Vuillermot S, Weber L, Feldon J, Meyer U.
A longitudinal examination of the neurodevelopmental impact of prenatal immune activation in mice reveals primary defects in dopaminergic development relevant to schizophrenia. J Neurosci.
2010 Jan 27
Comments on News and Primary Papers
Primary Papers: A longitudinal examination of the neurodevelopmental impact of prenatal immune activation in mice reveals primary defects in dopaminergic development relevant to schizophrenia.Comment by: Mikhail Pletnikov
Submitted 1 March 2010
Posted 1 March 2010
Vuillermot et al. have published a new study that evaluates the effects of early prenatal immune stimulation with Poly I:C on development of the dopaminergic system and dopamine-related behaviors in juvenile and adult mice. They found that prenatal immune activation at early/middle gestation in mice produced age-dependent dopamine abnormalities. New important findings are the effects of immune activation on the fetal dopamine system, suggesting that adverse environmental factors can affect prenatal development of the dopamine system. This report advances our understanding of the potential targets and mechanisms whereby immune stimulation contributes to adult psychopathology. The report is in good agreement with prior studies of dopamine alterations during postnatal development and adulthood in rats and mice (Zuckerman, 2003; Romero, 2008; Winter et al., 2008).
Another interesting result of the study is that, even though the effects of Poly I:C seem relatively moderate, they were able to impact on dopamine-related brain functions and behaviors. These data are in line with the notion that even subtle changes during early neurodevelopment may lead to long-lasting consequences in adulthood.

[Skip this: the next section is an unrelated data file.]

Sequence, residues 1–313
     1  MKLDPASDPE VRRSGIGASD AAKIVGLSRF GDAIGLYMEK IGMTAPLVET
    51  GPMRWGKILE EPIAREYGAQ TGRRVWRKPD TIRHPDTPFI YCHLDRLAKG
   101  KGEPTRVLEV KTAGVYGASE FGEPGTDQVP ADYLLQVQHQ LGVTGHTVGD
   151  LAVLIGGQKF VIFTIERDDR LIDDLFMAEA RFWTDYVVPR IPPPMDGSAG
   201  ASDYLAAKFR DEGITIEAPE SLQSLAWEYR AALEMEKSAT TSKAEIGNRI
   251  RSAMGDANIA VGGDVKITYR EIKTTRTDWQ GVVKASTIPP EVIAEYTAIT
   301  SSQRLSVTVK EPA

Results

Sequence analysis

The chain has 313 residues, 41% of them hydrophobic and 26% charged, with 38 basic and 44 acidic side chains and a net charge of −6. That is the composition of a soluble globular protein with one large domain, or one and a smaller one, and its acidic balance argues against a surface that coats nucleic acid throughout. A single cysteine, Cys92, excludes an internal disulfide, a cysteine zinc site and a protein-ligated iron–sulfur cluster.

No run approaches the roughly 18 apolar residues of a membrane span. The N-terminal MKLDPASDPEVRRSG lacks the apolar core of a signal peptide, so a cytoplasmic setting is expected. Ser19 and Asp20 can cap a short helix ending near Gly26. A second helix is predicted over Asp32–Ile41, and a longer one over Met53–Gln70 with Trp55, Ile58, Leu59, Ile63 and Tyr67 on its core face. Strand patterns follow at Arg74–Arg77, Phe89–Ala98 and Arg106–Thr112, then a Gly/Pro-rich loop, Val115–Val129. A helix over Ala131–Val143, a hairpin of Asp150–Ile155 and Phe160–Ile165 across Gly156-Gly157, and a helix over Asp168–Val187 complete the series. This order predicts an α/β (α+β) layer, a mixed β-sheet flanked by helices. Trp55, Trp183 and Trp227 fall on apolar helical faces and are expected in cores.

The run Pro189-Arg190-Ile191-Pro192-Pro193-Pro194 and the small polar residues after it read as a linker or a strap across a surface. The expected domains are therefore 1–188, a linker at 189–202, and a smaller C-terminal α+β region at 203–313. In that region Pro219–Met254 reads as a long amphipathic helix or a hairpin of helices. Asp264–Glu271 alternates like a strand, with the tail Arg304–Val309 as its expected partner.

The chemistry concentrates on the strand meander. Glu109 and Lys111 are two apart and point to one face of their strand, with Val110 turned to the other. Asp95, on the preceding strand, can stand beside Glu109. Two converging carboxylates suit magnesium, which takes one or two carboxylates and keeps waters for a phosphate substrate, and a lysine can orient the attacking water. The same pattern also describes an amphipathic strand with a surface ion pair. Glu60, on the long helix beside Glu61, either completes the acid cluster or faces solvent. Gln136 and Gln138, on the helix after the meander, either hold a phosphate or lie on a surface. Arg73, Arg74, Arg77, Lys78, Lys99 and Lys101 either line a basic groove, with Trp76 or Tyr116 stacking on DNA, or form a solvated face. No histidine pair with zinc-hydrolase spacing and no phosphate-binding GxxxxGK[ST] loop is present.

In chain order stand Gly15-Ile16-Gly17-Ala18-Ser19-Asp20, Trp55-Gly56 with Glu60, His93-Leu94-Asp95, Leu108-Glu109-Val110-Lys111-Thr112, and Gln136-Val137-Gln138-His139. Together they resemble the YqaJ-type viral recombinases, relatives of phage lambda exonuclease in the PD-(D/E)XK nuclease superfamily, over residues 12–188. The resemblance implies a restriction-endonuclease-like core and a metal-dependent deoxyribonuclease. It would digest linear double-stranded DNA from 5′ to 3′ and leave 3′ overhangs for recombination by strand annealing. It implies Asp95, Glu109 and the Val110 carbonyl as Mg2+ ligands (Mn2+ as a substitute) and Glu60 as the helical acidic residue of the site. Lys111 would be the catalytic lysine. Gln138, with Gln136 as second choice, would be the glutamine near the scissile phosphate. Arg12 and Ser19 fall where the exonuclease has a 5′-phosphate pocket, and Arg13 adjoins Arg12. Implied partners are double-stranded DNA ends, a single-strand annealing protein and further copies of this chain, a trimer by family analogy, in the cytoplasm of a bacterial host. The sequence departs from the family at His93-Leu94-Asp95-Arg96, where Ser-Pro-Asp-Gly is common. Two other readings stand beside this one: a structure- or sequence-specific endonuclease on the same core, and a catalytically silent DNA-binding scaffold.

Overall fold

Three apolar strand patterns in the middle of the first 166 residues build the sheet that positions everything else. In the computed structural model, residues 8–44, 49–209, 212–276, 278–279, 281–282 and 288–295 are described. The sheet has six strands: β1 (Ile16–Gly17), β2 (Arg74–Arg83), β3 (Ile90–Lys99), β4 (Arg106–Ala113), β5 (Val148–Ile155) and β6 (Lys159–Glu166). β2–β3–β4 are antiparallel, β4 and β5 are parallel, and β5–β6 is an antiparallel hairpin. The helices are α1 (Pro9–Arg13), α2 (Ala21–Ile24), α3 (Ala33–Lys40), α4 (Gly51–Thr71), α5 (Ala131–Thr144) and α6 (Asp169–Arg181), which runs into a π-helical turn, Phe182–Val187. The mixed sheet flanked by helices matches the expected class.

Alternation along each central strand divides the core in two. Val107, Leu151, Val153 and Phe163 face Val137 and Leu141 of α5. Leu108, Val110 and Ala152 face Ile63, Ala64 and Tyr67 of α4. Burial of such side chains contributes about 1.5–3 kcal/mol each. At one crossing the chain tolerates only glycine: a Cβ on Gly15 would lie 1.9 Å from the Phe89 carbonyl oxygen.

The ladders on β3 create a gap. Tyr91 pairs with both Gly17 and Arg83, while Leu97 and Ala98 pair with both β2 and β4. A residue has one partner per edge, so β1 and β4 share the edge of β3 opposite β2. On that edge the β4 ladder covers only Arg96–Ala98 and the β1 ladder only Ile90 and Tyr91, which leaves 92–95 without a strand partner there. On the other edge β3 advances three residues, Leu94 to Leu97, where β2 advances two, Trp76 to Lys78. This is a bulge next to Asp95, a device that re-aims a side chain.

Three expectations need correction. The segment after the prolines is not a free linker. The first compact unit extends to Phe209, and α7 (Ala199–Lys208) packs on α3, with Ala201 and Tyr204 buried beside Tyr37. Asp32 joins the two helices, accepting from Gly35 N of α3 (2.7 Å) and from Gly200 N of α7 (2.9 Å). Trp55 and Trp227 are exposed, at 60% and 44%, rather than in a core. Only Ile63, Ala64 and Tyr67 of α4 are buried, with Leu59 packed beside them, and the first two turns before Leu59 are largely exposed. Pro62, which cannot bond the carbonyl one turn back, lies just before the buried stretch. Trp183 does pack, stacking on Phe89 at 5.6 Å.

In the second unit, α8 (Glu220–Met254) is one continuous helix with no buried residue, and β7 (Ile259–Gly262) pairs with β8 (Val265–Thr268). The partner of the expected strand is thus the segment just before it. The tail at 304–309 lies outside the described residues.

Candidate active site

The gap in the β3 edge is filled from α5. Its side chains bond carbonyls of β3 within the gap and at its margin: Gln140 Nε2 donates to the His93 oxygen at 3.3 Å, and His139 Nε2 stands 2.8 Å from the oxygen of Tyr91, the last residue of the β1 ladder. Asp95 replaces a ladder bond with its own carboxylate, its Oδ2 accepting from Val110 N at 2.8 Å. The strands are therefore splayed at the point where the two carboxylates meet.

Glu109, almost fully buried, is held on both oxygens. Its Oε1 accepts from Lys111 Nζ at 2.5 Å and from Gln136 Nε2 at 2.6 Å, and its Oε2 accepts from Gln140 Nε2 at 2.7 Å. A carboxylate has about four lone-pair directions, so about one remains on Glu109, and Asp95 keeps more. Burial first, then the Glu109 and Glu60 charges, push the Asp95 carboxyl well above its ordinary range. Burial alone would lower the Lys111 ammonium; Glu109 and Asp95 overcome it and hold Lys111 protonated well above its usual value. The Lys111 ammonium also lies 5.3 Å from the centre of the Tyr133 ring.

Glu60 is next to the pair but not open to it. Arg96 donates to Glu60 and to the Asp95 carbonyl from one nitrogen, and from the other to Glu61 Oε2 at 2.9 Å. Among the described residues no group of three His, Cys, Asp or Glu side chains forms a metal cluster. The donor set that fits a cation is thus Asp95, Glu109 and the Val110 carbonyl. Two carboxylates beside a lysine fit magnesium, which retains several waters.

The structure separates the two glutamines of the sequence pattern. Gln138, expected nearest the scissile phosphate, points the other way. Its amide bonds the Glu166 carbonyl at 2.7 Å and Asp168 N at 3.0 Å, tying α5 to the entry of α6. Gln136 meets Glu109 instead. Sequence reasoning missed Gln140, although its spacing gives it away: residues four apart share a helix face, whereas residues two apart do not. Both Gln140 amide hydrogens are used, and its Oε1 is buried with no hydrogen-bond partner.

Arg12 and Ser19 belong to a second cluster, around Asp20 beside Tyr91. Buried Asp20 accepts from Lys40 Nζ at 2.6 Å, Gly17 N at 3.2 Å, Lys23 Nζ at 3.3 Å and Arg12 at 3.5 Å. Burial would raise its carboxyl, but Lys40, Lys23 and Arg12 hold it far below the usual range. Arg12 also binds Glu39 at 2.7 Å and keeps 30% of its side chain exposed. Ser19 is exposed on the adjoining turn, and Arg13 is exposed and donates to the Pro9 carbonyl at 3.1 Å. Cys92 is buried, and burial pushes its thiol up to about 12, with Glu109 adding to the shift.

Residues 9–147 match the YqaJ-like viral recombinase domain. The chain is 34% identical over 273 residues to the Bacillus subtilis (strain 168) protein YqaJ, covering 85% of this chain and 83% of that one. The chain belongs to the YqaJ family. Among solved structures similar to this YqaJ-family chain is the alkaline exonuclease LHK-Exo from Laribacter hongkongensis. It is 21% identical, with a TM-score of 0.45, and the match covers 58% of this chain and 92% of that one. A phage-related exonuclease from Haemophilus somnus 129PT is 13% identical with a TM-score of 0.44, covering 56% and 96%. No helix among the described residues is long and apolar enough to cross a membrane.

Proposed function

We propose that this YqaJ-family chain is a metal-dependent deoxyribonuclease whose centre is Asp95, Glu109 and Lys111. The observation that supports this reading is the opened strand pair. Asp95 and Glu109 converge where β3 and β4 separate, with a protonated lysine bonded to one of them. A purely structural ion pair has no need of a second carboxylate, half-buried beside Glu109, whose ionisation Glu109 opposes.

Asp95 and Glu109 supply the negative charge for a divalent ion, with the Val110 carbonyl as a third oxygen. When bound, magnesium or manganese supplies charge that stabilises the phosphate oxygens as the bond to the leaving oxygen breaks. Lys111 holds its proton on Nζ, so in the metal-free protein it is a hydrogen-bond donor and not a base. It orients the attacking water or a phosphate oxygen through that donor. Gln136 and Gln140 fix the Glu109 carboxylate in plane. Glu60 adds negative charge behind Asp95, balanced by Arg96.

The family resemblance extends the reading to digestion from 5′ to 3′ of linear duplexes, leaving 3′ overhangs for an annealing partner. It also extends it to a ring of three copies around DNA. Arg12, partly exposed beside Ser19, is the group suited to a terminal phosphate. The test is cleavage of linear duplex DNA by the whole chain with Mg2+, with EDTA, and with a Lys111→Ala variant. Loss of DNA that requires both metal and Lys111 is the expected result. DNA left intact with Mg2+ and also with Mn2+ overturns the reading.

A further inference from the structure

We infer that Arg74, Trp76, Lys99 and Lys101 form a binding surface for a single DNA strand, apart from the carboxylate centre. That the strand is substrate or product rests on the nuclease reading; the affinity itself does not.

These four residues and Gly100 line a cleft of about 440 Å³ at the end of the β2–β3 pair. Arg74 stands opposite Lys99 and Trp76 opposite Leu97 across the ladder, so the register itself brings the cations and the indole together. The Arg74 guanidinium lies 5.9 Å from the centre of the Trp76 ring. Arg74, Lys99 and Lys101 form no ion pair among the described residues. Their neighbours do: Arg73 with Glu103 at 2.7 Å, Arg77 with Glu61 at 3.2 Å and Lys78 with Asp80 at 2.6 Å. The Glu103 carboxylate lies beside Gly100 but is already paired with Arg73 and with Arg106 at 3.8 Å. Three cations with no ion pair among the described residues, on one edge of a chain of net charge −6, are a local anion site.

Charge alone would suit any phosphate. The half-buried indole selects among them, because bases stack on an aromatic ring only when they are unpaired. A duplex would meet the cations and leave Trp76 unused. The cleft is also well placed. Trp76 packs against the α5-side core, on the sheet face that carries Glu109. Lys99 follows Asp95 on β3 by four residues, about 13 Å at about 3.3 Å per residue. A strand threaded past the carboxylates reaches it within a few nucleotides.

It has been suggested that maternal infection during pregnancy may affect brain maturation to contribute to the pathogenesis of mental illnesses (Brown and Derkits, 2010). Given the complexity of etiology and pathogenic mechanisms of major mental diseases, a promising direction for future research with this and similar approaches can include combinations of prenatal and early postnatal immune challenges in mice and rats with genetically manipulated neurodevelopmental and/or immunological genes to explore the underlying mechanisms of gene-environment and neuroimmune interactions in psychiatric illnesses (Ayhan, 2010).
Zuckerman L, Rehavi M, Nachman R, Weiner I. Immune activation during pregnancy in rats leads to a postpubertal emergence of disrupted latent inhibition, dopaminergic hyperfunction, and altered limbic morphology in the offspring: a novel neurodevelopmental model of schizophrenia. Neuropsychopharmacology. 2003;28:1778–89. Abstract
Romero E, Guaza C, Castellano B, Borrell J. Ontogeny of sensorimotor gating and immune impairment induced by prenatal immune challenge in rats: implications for the etiopathology of schizophrenia. Mol Psychiatry. 2008 Apr 15. Abstract
Winter C, Reutiman TJ, Folsom TD, Sohr R, Wolf RJ, Juckel G, Fatemi SH. Dopamine and serotonin levels following prenatal viral infection in mouse--implications for psychiatric disorders such as schizophrenia and autism. Eur Neuropsychopharmacol. 2008 Oct;18(10):712-6. Abstract
Brown AS, Derkits EJ. Prenatal infection and schizophrenia: a review of epidemiologic and translational studies. Am J Psychiatry. 2010 Feb 1. Abstract
Ayhan Y, Sawa A, Ross CA, Pletnikov MV. Animal models of gene-environment interactions in schizophrenia. Behav Brain Res. 2009 Dec 7;204(2):274-81. Abstract
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